Jill Carroll is free. The freelance reporter was kidnapped nearly three months ago in Baghdad. In a television interview shortly after her release, Carroll said she is in good condition and had been treated well by her captors. She went on to say, "I’m just happy to be free. I want to be with my family." We talk with one of her friends. [includes rush transcript]
After nearly three months in captivity, kidnapped U.S. reporter Jill Carroll has been released. Carroll is a freelance reporter working for the Christian Science Monitor in Iraq. She was seized in January outside the offices of a prominent Sunni politician in Baghdad. There had been no word from her captors in nearly two months. They had demanded the release of all women detainees in Iraqi prisons. Five out of an estimated nine women prisoners were released in January.
On Wednesday, Jill Carroll’s sister, Katie Carroll, read a statement on Arab television pleading for her sister’s safe release.
Carroll gave a brief television interview in Baghdad shortly after her release. According to the Associated Press, Carroll said she is in good condition and had been treated well by her captors. Her captors freed her by leaving her in a street near the offices of the Iraqi Islamic Party. She walked inside, and people there called US officials. Although her captors threatened twice in videotapes to kill her, Carroll said they never hit her or threatened to do so. Carroll said she was kept in a room with a window and a shower, but she did not know where she was. She went on to say: "I’m just happy to be free. I want to be with my family."
We talk with one Jill Carroll"s friends:
- Matt Vautour, friend of Jill Carroll. He is a reporter for the Daily Hampshire Gazette.
This is a rush transcript. Copy may not be in its final form.
AMY GOODMAN: We’re joined on the line by Matt Vautour a friend of Jill Carroll’s. He’s a reporter for the Daily Hampshire Gazette. Welcome to Democracy Now!
MATT VAUTOUR: Hey, thank you.
AMY GOODMAN: Your reaction to the news of Jill’s release?
MATT VAUTOUR: In a lot of ways, it’s still sinking in, but it’s certainly an overwhelming sense of just relief, absolutely.
AMY GOODMAN: Can you talk about Jill? Can you talk about first what you’ve heard, how she’s been released, and then who Jill is?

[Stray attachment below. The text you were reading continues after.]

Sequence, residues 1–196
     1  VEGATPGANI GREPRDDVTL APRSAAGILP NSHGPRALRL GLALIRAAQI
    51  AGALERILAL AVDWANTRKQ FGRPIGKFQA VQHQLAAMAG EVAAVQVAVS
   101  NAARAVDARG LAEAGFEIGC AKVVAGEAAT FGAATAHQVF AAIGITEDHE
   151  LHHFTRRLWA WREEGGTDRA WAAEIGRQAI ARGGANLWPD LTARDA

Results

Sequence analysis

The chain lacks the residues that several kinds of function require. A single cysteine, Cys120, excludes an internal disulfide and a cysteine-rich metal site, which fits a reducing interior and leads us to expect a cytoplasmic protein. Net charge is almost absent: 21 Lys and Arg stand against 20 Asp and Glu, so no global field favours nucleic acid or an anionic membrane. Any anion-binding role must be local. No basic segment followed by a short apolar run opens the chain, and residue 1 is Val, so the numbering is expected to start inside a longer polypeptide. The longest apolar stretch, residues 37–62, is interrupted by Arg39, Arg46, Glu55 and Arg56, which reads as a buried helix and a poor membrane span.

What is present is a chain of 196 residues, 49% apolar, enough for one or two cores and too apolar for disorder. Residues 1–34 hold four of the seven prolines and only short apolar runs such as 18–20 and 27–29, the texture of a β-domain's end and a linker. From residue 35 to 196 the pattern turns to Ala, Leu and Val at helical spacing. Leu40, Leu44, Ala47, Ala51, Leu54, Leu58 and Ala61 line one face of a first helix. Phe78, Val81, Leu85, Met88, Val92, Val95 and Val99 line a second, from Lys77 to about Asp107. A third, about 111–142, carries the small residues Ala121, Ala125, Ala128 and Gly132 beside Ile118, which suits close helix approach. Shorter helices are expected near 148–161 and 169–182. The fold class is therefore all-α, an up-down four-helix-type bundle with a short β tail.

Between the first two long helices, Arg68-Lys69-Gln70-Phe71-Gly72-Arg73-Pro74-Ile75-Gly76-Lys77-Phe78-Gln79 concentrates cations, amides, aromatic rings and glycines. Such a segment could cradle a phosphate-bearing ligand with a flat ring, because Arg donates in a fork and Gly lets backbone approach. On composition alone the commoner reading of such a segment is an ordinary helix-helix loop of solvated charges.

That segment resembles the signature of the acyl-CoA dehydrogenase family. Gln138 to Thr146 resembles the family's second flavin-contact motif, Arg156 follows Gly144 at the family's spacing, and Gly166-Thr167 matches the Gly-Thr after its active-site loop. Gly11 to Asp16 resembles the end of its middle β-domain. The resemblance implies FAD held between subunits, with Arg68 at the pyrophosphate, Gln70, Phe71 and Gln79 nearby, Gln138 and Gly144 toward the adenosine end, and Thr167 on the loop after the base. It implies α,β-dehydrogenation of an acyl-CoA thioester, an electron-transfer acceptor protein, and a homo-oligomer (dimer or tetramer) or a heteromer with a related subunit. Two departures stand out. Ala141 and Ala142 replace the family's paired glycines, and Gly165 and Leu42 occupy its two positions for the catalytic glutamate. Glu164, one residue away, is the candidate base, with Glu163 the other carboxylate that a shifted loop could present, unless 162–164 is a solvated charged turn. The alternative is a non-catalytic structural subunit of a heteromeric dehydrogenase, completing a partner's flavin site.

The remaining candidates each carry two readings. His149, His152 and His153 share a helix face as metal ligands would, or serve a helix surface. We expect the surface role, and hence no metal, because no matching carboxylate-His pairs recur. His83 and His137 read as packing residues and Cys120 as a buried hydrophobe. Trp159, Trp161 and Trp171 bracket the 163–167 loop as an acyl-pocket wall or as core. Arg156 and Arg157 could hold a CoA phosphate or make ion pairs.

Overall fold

MATT VAUTOUR: I’ve gotten kind of bits and pieces from different news accounts and from TV and satellite radio and everything, just trying to turn the pieces all together. I just saw the video of her that was, I guess, taken within the past couple hours, and she looks good, which is really a relief here. We had no idea what it would — what it would seem like. I knew Jill when she was a college student, and this was something that she dreamed of doing, was being a foreign correspondent and doing important work.
AMY GOODMAN: Where did she go to college?
MATT VAUTOUR: She went to the University of Massachusetts in Amherst. And so, I think now, you know, that I just — I think that was something she always wanted to do and — and I’m — I apologize, I’m not — I’m not totally composed yet.
AMY GOODMAN: We understand, and by the way, congratulations on Jill’s release just for, you know, all of Jill’s friends, I know, who have worked so hard, as well as her family. Jill went to Jordan before she went to Iraq, and Jill learned Arabic?
MATT VAUTOUR: Yeah, that — she thought that she wouldn’t be able to be as effective unless she learned to speak Arabic, and I think that that’s been kind of a well-chronicled thing about her, and I really think that in a lot of senses that served her really well. I think the outpouring of support that everybody saw from the Iraqi people and from people, that I think a lot of it has to do with the fact that she respected their culture and went out of her way to learn about it, so she could better tell their story.
JUAN GONZALEZ: In the news reports that have come out, she indicated in her — the initial statement that she had been treated well, but that she had very little knowledge of what was going on in the outside world or very much about her captors, as well.
MATT VAUTOUR: Yeah, I saw the same thing. It’s obviously early, and I’ll be paying attention all day to try to learn and see what more of that sort of thing. I think it’s kind of a little too early for me right now to comment on that. I mean, that’s, obviously, if that’s true — I can’t imagine she would lie about that, so that’s great news, absolutely.
AMY GOODMAN: Jill was an unembedded reporter?
MATT VAUTOUR: Right, yeah, no, she wasn’t with a military unit. She didn’t have bodyguards and things like that. She walked the streets and interviewed everyday Iraqis. She dressed in the traditional garb and was able to be out and talking to people.
AMY GOODMAN: And her translator, though, was killed when she was captured and kidnapped.
MATT VAUTOUR: Right. Right, yeah.
AMY GOODMAN: Well, Matt Vautour, we want to thank you very much for being with us, friend of Jill Carroll, college classmate at University of Massachusetts. Thanks so much for being with us. Again, the latest news is the freelance reporter Jill Carroll is free.